"Sailors are trouble enough without our hearing about them, Mr. Pathurst," Captain West went on, as evenly and imperturbably as if I had not spoken. "I leave the handling of the sailors to my officers. That's their business, and they are quite aware that I tolerate no undeserved roughness or severity."

Mr. Pike's harsh face carried the faintest shadow of an amused grin as he stolidly regarded the tablecloth. I glanced to Miss West for sympathy. She laughed frankly, and said:

"You see, father never has any sailors. And it's a good plan, too."

"A very good plan," Mr. Pike muttered.

Then Miss West kindly led the talk away from that subject, and soon had us laughing with a spirited recital of a recent encounter of hers with a Boston cab-driver.

Dinner over, I stepped to my room in quest of cigarettes, and incidentally asked Wada about the cook. Wada was always a great gatherer of information.

"His name Louis," he said. "He Chinaman, too. No; only half Chinaman. Other half Englishman. You know one island Napoleon he stop long time and bime by die that island?"

"St. Helena," I prompted.

"Yes, that place Louis he born. He talk very good English."

At this moment, entering the hall from the deck, Mr. Mellaire, just relieved by the mate, passed me on his way to the big room in the stern where the second table was set. His "Good evening, sir," was as stately and courteous as any southern gentleman of the old days could have uttered it. And yet I could not like the man. His outward seeming was so at variance with the personality that resided within. Even as he spoke and smiled I felt that from inside his skull he was watching me, studying me. And somehow, in a flash of intuition, I knew not why, I was reminded of the three strange young men, routed last from the forecastle, to whom Mr. Pike had read the law. They, too, had given me a similar impression.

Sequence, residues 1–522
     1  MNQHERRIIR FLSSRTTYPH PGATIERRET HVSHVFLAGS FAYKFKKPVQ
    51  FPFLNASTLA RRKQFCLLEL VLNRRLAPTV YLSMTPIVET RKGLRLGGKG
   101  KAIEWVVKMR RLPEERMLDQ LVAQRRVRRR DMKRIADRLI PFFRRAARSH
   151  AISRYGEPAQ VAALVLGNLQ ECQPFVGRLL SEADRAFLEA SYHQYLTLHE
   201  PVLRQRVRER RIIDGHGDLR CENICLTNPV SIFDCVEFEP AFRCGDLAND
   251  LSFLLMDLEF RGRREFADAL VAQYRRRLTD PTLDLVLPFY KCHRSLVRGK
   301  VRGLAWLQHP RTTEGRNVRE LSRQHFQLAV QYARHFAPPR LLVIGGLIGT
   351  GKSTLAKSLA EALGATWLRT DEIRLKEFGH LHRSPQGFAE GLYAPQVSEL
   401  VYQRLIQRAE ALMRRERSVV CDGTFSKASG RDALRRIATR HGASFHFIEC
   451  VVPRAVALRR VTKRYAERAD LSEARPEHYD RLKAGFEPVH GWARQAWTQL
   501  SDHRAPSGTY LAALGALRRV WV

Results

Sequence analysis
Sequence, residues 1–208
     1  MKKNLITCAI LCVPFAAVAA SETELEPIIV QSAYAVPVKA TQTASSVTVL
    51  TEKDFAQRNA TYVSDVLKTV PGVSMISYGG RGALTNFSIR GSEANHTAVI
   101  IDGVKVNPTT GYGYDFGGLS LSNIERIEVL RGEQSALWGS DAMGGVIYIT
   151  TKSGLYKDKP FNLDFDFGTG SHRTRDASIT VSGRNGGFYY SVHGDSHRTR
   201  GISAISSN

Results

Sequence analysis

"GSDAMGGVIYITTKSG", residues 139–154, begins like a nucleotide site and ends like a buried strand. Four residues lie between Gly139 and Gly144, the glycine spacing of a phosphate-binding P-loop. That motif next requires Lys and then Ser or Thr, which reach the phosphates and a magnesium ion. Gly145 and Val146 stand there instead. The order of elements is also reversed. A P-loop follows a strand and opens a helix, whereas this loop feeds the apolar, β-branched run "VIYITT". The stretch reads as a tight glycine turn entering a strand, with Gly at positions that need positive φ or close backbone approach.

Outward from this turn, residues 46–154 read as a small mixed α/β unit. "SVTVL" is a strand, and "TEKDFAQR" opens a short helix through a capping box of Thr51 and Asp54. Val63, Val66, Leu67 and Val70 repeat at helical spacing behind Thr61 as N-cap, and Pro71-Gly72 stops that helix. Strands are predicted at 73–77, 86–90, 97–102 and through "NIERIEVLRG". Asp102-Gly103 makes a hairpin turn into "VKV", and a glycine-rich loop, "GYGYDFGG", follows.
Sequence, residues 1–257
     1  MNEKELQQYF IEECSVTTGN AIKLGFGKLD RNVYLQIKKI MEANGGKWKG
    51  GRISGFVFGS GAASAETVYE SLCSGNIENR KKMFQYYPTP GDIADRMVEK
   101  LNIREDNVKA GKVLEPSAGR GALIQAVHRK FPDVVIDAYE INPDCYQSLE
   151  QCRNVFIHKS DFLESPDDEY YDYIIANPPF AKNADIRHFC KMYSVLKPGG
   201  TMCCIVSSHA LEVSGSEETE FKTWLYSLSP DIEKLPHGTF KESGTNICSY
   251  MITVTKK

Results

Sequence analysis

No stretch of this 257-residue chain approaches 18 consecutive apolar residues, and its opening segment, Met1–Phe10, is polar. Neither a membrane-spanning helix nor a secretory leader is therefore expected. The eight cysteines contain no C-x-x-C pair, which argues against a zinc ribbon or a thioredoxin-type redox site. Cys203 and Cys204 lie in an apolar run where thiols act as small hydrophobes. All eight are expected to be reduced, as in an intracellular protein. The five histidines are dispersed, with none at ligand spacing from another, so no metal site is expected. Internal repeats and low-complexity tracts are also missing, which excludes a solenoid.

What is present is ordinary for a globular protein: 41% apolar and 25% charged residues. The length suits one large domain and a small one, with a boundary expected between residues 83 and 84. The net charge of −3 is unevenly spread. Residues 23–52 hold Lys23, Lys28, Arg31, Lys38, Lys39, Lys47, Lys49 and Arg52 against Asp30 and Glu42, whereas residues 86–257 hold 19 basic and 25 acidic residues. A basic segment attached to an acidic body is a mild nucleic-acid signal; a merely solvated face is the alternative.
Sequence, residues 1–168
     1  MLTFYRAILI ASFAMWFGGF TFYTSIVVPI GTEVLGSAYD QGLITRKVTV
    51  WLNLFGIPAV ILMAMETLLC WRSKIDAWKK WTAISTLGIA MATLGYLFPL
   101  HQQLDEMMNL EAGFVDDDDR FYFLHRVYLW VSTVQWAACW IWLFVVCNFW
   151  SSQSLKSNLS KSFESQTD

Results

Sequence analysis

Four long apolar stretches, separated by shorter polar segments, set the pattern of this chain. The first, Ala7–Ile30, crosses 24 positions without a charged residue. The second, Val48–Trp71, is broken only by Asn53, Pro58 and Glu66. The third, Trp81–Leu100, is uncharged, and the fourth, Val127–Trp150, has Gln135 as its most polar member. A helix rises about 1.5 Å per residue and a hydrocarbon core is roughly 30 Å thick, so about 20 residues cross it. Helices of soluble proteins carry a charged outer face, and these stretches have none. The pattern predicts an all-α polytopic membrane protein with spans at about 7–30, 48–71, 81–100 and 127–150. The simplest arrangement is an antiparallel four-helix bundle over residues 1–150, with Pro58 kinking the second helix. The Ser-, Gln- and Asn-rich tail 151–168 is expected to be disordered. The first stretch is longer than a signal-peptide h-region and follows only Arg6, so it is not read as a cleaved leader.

Behind Mr. Mellaire slouched a self-conscious, embarrassed individual, with the face of a stupid boy and the body of a giant. His feet were even larger than Mr. Pike's, but the hands--I shot a quick glance to see--were not so large as Mr. Pike's.

As they passed I looked inquiry to Wada.

"He carpenter. He sat second table. His name Sam Lavroff. He come from New York on ship. Steward say he very young for carpenter, maybe twenty-two, three years old."

As I approached the open port over my desk I again heard the swish and gurgle of water and again realized that we were under way. So steady and noiseless was our progress, that, say seated at table, it never entered one's head that we were moving or were anywhere save on the solid land. I had been used to steamers all my life, and it was difficult immediately to adjust myself to the absence of the propeller-thrust vibration.

"Well, what do you think?" I asked Wada, who, like myself, had never made a sailing-ship voyage.

He smiled politely.

"Very funny ship. Very funny sailors. I don't know. Mebbe all right. We see."

"You think trouble?" I asked pointedly.

"I think sailors very funny," he evaded.

Continue to Chapter 8